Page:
Did you know honey contains antioxidants? Honey contains a variety of flavonoids and phenolic acids which act as antioxidants, scavenging and eliminating free radicals. Generally, darker honeys have higher antioxidant content than lighter honeys.

Honey in Athletics
The National Honey Board had commissioned a 3-part research study with a leading university to help show that honey works to give athletes an energy boost before and after exercise. The research also showed that honey may help tired muscles recover more quickly after heavy exercise. Though honey is one of the earliest foods, scientific knowledge of this wonderful product is just now beginning to grow.

Honey is Anti Microbial
Honey has been used as a therapeutic agent since ancient times for “disorders” ranging from baldness to gastrointestinal distress. During the early part of the 20th century, researchers began to document the wound healing properties of honey. The introduction of antibiotics in the 1940’s temporarily stymied honey's use. Nonetheless, concerns regarding antibiotic resistance and renewed interest in “natural” remedies has promoted a resurgence of interest in the anti microbial and wound healing properties of honey.

Amazing Healing Honey by R. Fetrat
A dear friend of the Fetrat Family and a fabulous artist, Buddy, had a serious accident one day when cutting wood on a saw. He cut into his finger and lost half of his knuckle in the accident. Buddy is a diabetic and to heal from such an ordeal is a serious matter. Not only a serious matter in Buddy's case, but healing was considered unlikely.

Buddy chose his own medicine. He chose honey, soaking his injured finger in a honey bath at night and wrapping it in honey-soaked bandages twice a day and again before bed. Buddy's injury healed well and quickly to the amazement of his doctor. Buddy attributes the healing of his injury, despite of his diabetes, to the honey.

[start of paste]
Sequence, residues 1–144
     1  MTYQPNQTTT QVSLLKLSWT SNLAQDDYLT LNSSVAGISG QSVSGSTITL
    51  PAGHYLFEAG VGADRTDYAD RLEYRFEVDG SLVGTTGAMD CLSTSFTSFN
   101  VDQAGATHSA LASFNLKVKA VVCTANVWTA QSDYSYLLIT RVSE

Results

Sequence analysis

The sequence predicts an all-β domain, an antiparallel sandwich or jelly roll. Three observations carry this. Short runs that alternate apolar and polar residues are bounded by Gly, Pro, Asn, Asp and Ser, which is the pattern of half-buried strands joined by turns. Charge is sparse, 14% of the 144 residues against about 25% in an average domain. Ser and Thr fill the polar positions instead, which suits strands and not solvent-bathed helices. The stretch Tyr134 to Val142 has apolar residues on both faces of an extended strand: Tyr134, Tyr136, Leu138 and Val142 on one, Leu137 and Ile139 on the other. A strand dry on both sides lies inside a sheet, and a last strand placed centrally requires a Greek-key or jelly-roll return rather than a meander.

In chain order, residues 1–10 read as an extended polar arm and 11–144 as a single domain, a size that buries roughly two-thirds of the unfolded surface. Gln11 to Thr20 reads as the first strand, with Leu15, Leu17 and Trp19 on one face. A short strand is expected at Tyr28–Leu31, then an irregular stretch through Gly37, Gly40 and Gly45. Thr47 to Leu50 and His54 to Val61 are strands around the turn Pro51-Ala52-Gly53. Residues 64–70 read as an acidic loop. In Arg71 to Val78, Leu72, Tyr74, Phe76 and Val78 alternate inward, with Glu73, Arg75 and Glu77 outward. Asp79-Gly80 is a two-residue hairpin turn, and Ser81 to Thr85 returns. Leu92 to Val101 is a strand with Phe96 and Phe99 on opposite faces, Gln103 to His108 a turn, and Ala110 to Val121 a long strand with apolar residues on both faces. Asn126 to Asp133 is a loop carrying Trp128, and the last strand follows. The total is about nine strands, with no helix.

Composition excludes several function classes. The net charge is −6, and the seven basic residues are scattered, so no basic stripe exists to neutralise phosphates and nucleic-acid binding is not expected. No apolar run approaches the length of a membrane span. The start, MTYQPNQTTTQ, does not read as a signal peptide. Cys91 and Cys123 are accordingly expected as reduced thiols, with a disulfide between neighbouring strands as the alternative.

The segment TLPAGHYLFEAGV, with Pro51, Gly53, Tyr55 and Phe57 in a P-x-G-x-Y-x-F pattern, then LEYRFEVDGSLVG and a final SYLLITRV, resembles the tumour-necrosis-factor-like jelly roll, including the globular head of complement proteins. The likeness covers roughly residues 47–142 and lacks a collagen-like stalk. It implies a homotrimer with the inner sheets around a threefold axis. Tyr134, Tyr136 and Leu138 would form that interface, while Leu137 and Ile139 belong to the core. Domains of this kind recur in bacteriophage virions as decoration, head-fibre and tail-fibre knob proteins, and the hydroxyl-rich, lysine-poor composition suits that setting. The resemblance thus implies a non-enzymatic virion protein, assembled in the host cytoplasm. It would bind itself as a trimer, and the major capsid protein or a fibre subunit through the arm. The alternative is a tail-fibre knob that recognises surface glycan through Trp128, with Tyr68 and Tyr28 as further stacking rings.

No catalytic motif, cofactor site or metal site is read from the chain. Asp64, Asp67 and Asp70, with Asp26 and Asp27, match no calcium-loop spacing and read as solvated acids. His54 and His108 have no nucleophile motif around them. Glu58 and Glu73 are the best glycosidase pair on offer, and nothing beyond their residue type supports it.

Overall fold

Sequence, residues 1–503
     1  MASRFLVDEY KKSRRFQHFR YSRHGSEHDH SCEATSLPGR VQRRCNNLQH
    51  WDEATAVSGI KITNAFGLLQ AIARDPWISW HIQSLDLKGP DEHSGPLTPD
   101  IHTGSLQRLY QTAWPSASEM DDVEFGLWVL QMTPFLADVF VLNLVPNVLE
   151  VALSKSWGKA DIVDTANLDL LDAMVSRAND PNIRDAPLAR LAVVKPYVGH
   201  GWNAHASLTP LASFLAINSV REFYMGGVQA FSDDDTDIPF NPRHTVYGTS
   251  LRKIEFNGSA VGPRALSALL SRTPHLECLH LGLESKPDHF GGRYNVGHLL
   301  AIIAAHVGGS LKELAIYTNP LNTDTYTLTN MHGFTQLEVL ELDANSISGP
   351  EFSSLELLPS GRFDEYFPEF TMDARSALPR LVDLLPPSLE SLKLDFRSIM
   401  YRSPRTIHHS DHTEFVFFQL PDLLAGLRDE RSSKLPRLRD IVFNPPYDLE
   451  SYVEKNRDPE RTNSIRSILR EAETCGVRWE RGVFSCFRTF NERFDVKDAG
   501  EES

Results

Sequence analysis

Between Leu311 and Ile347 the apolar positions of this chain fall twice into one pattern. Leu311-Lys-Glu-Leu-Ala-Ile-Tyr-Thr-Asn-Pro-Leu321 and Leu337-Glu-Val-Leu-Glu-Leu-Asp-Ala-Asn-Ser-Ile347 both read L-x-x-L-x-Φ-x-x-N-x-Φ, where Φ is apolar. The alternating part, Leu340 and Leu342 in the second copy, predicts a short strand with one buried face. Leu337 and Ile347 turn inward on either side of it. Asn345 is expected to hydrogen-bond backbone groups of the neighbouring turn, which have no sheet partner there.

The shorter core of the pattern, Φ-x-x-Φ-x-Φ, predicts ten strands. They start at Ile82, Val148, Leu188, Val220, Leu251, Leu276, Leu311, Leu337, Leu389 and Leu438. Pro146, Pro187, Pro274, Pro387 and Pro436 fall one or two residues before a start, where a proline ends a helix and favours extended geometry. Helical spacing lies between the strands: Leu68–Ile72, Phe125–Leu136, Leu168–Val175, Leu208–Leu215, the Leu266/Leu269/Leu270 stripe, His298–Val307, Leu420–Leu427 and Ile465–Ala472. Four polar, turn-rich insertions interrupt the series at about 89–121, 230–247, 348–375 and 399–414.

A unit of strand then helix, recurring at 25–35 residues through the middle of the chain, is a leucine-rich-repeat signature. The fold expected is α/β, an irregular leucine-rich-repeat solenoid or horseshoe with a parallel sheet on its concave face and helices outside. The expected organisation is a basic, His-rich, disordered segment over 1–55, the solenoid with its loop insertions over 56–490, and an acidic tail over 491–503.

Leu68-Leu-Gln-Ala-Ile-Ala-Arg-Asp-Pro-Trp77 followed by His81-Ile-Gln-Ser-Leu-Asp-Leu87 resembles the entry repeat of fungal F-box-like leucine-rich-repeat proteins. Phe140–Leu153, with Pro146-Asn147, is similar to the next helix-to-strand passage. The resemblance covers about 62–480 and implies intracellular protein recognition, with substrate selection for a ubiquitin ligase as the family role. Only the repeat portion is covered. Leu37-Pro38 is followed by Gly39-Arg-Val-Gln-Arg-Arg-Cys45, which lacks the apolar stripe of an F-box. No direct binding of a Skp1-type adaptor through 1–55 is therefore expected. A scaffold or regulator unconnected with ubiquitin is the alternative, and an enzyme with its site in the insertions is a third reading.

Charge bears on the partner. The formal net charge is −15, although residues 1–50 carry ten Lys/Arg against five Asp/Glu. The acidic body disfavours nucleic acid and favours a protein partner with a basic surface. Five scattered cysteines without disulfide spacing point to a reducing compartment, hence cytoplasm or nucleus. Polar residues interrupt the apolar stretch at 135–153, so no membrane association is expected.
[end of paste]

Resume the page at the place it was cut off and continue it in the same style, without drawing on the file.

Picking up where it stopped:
honey HONEY

Currently sold out. Reserve yours for the 2009 fall harvest.

Our honey is raw, unheated and unfiltered. That is, our raw honey is only strained to remove any bits of honey comb wax, so it still contains original pollen because it is not filtered. We do not heat the honey like commercial honey packers do to break down any sugar crystals. That is why their honey will stay clear on the supermarket shelf. Of course, heat above 115 deg destroys the antioxidants, important enzymes, vitamins and other beneficial attributes. Also many people find that heated honey looses much of its natural aroma and flavor.

We are a small producer with several hives on property located in a rural area away from commercial agri farms and major agricultural chemical use. Our apiary is operated as an organic apiary on certified organic land. Bees fly as far as 5 miles though and thus no one can say their honey is truly organic. How would you know where the little critters have flown? However, we do our best to keep everything organic on our end. The honey is produced in organic hives that are not painted and is handled to organic standards. We pride ourselves on sustainable practices.



Does your honey contain pesticides? How would you know? Many beekeepers pollinate vegetable or fruit crops with their bees and then sell the honey. Problem is most farmers use pesticides, herbicides and fungicides! We pride ourselves in only teaming up with organic or no spray farms.

Hives were tested in Florida and were found to contain high levels of imidacloprid. A a class of neuro-active insecticides which are modeled after nicotine. A patented chemical, it is manufactured by Bayer Cropscience. Studies on rats indicate that the thyroid is particularly sensitive, causing thyroid lesions. Animal toxicity is similar to that of the parent compound, nicotine; fatigue, twitching, cramps, and weakness leading to asphyxia.

Samples taken from bees in Massachusetts cranberries showed levels of fungicide in the pollen as high as 7000 ppb! To put that into perspective
The Safe Drinking Water Act from the EPA allows only10 parts per billion (ppb) standard for arsenic in drinking water.

Franch & Italy ban neonicotinoids. In the past six years, a new group of nicotine-based pesticides have emerged called neonicotinoids. The most common is imidachloprid. Ironically, these were originally manufactured to be less lethal. But about four years ago, French and Italian beekeepers complained that imidachloprid crop spraying was killing their honey bees. So the French and Italian governments banned the nicotine-based pesticides.